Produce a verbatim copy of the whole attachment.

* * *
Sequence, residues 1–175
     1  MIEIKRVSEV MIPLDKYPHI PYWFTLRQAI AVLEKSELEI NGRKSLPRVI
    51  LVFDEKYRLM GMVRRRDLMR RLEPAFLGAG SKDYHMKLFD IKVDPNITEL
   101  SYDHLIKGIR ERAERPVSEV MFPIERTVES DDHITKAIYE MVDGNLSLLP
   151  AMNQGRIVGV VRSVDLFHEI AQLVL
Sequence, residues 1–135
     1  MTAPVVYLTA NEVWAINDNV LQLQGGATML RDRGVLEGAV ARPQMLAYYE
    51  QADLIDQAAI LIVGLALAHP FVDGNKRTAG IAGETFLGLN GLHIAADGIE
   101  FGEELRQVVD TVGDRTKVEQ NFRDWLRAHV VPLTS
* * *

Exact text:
Sequence, residues 1–175
     1  MIEIKRVSEV MIPLDKYPHI PYWFTLRQAI AVLEKSELEI NGRKSLPRVI
    51  LVFDEKYRLM GMVRRRDLMR RLEPAFLGAG SKDYHMKLFD IKVDPNITEL
   101  SYDHLIKGIR ERAERPVSEV MFPIERTVES DDHITKAIYE MVDGNLSLLP
   151  AMNQGRIVGV VRSVDLFHEI AQLVL
Sequence, residues 1–135
     1  MTAPVVYLTA NEVWAINDNV LQLQGGATML RDRGVLEGAV ARPQMLAYYE
    51  QADLIDQAAI LIVGLALAHP FVDGNKRTAG IAGETFLGLN GLHIAADGIE
   101  FGEELRQVVD TVGDRTKVEQ NFRDWLRAHV VPLTS